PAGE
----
Let’s discuss the top comparison between PostgreSQL vs RedShift:
|Data is stored and managed in rows that helps in creating tables directly. This helps to build queries around the rows inserted and also we can manage the tables in the way the data got inserted into the tables.||Data is inserted in the form of columns. This helps to read data faster and return the queries more efficiently than PostgreSQL. Storage efficiency is increased here as compression of data happens in the column level since each column carries similar data.|
|Scaling is not easy in PostgreSQL as the compute nodes are not present in this database. Scaling can be done only by creating a new server for the data or copying the entire data into a separate database. Vertical scaling is done with PostgreSQL which is costly.||Scaling is easy in RedShift as AWS helps to manage node configuration and scale horizontally with parallel processing. This expansion of nodes helps to create more clusters. Horizontal scaling will not require more servers as it is done with the help of compute nodes so that the scaling can be done at a low cost.|
|PostgreSQL is simple and easy to use. We can insert data and write queries in T-SQL which will give us the results. But this is suited when the data is less. If we have more data, the speed is reduced and it is not possible to scale the database easily. This is good for beginners as it is free of cost.||RedShift is not freely offered and it is used along with Amazon S3 storage. But the querying is faster and the queries are similar to PostgreSQL. For any amount of data, querying can be done within minutes and this characteristic makes users select RedShift.|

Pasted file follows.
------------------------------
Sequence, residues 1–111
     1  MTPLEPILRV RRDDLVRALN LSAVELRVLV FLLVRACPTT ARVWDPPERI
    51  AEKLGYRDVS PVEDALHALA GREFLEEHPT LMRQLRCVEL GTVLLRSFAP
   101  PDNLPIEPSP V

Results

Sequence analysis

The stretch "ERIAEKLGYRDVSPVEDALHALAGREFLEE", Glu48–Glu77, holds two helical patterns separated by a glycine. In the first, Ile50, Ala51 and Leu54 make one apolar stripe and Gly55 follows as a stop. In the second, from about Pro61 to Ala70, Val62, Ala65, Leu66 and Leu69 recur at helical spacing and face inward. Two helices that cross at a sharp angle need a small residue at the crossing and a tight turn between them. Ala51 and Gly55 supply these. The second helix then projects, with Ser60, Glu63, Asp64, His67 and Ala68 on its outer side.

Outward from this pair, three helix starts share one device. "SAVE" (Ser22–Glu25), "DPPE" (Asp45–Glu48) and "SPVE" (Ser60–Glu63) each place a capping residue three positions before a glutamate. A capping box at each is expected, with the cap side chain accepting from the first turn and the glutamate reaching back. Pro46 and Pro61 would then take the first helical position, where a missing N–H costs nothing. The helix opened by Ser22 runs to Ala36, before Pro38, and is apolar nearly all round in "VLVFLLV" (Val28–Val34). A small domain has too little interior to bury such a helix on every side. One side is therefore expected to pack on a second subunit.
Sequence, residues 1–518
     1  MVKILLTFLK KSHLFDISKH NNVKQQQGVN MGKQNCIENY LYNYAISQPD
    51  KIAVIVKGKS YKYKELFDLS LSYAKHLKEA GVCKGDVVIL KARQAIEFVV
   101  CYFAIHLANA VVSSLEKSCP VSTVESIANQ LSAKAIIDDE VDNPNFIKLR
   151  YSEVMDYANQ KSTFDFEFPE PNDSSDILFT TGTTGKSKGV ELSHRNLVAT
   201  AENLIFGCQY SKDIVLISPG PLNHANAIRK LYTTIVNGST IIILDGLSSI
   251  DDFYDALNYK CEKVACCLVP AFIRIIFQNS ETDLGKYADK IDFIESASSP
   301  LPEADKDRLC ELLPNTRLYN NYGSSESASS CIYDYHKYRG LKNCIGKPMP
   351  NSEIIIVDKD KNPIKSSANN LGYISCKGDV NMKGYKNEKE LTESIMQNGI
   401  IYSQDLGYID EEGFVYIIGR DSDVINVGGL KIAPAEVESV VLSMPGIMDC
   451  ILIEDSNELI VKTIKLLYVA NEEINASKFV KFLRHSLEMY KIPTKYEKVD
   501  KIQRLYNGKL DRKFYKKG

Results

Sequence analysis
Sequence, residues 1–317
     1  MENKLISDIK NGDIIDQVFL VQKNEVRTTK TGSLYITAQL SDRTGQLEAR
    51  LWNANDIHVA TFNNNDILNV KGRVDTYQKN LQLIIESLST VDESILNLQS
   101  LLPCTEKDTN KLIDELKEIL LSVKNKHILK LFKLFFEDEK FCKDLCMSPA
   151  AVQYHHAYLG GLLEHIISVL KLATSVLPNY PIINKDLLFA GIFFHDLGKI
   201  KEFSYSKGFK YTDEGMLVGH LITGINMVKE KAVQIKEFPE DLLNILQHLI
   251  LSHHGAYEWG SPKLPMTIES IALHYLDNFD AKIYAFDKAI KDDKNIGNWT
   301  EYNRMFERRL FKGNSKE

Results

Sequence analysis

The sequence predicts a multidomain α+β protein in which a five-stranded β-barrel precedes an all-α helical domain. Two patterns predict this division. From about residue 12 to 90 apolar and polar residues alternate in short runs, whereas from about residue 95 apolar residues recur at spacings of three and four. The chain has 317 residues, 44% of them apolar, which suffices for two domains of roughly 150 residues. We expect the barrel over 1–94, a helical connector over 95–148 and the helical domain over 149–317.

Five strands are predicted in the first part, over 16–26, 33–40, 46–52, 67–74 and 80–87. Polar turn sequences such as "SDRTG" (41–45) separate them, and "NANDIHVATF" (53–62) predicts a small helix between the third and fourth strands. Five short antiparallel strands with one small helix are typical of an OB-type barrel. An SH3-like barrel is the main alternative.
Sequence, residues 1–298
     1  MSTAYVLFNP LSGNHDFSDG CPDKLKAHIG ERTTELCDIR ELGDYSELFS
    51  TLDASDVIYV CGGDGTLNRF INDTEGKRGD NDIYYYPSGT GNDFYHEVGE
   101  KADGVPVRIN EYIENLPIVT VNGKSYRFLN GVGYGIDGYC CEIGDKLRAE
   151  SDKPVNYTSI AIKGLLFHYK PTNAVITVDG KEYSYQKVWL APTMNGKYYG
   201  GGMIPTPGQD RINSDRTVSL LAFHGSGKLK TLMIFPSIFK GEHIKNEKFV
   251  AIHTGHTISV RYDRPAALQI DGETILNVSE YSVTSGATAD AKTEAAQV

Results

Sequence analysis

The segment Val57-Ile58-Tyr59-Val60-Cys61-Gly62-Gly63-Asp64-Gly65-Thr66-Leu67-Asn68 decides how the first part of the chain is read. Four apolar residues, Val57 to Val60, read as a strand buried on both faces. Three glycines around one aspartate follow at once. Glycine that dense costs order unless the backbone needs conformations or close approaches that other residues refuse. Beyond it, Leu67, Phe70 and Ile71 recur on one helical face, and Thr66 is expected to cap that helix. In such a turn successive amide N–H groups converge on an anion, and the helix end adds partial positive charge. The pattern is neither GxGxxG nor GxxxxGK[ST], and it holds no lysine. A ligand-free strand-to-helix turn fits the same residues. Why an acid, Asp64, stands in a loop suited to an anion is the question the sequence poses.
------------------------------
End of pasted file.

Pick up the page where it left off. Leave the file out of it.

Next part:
|PostgreSQL supports arrays, bits, range, JSON, numeric and geometric types, XML, timestamp data and many other forms. If it is not big data, it is good to stick with PostgreSQL as it has different functions and triggers along with sequences.||RedShift does not support all the functions as PostgreSQL and particularly no support for timestamp data. These are some disadvantages we should foresee when we go for scaling and performance of the database. For bigdata, RedShift is a good choice.|
|A single database is connected to one CPU and hence the data should be processed one after the other. We cannot expect the database to function faster with a single CPU where scaling is not an option. We do not have clusters and only nodes are present.||Massive parallel processing is done in RedShift which helps to process data simultaneously and this helps in completing the queries at a faster pace than expected. Different nodes are employed to carry on the process in the database with the cluster configuration.|
When the amount of data is in terabytes and if there is no increase in data in near future, we can go with PostgreSQL. If it is bigdata and analytical queries are running always, RedShift is a good choice. Also, if we have a database already with AWS, PostgreSQL will not be good as it will cost more than the expected amount.
This is a guide to PostgreSQL vs RedShift. Here we discuss key differences with infographics and comparison table respectively. You may also have a look at the following articles to learn more –